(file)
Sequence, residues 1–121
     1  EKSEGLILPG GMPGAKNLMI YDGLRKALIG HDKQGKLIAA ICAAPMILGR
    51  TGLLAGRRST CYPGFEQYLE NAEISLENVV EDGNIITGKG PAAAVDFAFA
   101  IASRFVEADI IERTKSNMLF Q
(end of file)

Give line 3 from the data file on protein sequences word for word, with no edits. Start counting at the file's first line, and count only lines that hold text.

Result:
    51  TGLLAGRRST CYPGFEQYLE NAEISLENVV EDGNIITGKG PAAAVDFAFA